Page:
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Mapping digital workplace insights to business value context

  • Posted on April 24, 2017

Most enterprise organizations are traveling along the journey to digital today.  There is no definitive measuring stick for how digital they have become but that does not stop them from continuing to invest and trying to find that edge to define new opportunities.

Investments take many different shapes ranging from IT modernization, mobile investments, the automation of business processes, or the massive spend to take advantage of the vast amounts of data generated by today’s business and consumers.  Therefore, investors get onboard with the hope that the investment will drive up customer and shareholder value in a world where new competitors are born with a digital edge.

Measuring Business Value of IT Investments

Regardless of the investment type, companies traveling along the path to digital transformation need to understand how those investments are creating value.  This starts with measurement.  Measurement infers there is data to be measured, data with the right context showing useful business value.

It still amazes me how many organizations are collecting data (more now than ever of course), and in turn, reporting on that data with very little insight gleaned from the inherent potential wealth that data should offer.  I attribute that deficit of value to something very simple: context.  Companies have leveraged historical reporting (the proverbial ‘view through the rear windshield’) for decades and so many continue to do the same with new data they collect today.  How do we drive insights from the data?  We need context for a better understanding of how that data drives a certain truth about the business and the actions of its customers and employees, both historically and prescriptively for the future.

For example, many organizations have realized the value of moving to as-a-service offerings for many back-office applications like Office 365 (O365). Our clients make significant investment in O365 for obvious IT infrastructure benefits, the ability to offer the latest features to employees, and the promise of higher levels of collaboration within the workplace.  The TCO calculations for IT savings are straightforward but more can be extracted if we understand the use of these tools in terms of how they impact real business value.  By real business value I mean activities that drive revenue, higher customer satisfaction, employee productivity, engagement, or new methods of cost savings.  We need to put the use of these tools into a context that shareholders will find meaningful.

Deriving Insights from Digital Employee Experiences

While Microsoft is making more and more measurement tools available to its customers to help them understand levels of usage and adoption, the question of context remains.  Does looking at historical numbers really deliver business benefit or indicate the value being derived from their use?  If I see that I have 18GBs of documents in OneDrive, does this really move the needle for anyone?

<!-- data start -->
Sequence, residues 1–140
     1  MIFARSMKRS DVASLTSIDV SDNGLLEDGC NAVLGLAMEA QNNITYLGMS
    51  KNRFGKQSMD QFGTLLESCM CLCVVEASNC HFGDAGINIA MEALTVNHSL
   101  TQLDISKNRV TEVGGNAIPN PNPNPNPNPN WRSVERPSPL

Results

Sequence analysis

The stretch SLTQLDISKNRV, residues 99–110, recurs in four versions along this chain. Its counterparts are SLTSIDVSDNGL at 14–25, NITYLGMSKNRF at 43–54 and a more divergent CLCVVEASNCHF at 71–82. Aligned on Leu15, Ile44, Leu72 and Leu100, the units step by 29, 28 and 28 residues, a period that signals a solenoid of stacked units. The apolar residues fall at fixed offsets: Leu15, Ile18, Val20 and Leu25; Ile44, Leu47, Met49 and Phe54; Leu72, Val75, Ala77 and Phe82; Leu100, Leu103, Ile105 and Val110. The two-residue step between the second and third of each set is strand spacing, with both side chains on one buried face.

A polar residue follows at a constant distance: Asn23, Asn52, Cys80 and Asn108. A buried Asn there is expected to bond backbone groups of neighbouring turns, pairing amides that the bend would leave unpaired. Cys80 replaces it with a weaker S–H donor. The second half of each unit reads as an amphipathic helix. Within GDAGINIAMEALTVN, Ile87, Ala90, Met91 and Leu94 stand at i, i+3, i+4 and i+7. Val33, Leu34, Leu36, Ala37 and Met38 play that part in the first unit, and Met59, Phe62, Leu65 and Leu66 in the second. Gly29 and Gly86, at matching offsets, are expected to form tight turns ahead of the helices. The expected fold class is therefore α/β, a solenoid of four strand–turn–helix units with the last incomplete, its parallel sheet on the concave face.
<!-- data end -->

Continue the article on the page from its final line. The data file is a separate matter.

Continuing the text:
Avanade’s Digital Employee Experience offering is anchored in an analytics solution we call Digital Workplace Insights.  While it includes measures of adoption and usage, we see the value in delivering insights that are tied more directly to the value-based, digital objectives I mentioned above.

Recently, one of our clients, a global consumer packaged goods producer, set out on a journey to redefine their employee’s digital experience.  This new campaign was supported by the insights delivered by Digital Workplace Insights on the adoption and usage patterns of Microsoft Exchange.  Their hybrid environment (over 100k mailboxes mixed between on-premises servers and Exchange Online in O365) was easily supported by Avanade’s Modern Analytics Platform (AMAP).  Our solution is built on this modern analytics platform, which allows clients to expand their understanding across the larger application ecosystem (line of business systems, CRM, HR data, etc.).  The resulting insights allowed our client to understand how their tools were being used so they could pivot effectively to define their new path.

Getting Answers to Value-Based Questions

Deriving insights does not just become transparent when the data starts to flow.  Similar to the path to becoming digital, this is a journey.  We need to walk before we run.  Digital Workplace Insights help organizations first understand key digital behaviors by understanding the adoption and effective use of digital tools like Office 365.

With this treasure trove of data, we can now begin to correlate key digital behaviors with our traditional business measurements and answer value-based questions:

  • Does the effective use of SharePoint or OneDrive move the needle for our sellers?
  • Do those exhibiting good digital behaviors correlate to a higher percentage of quota attainment?
  • How about when we consider the use of these tools with related sales activity in CRM – does this mix change the game?
  • Does the department with a high level of digital engagement have lower attrition

If you are investing millions of dollars in digital tools, I can say with confidence, having contextual insights into how your investments impact the business seems like a pretty important piece of the digital transformation puzzle.

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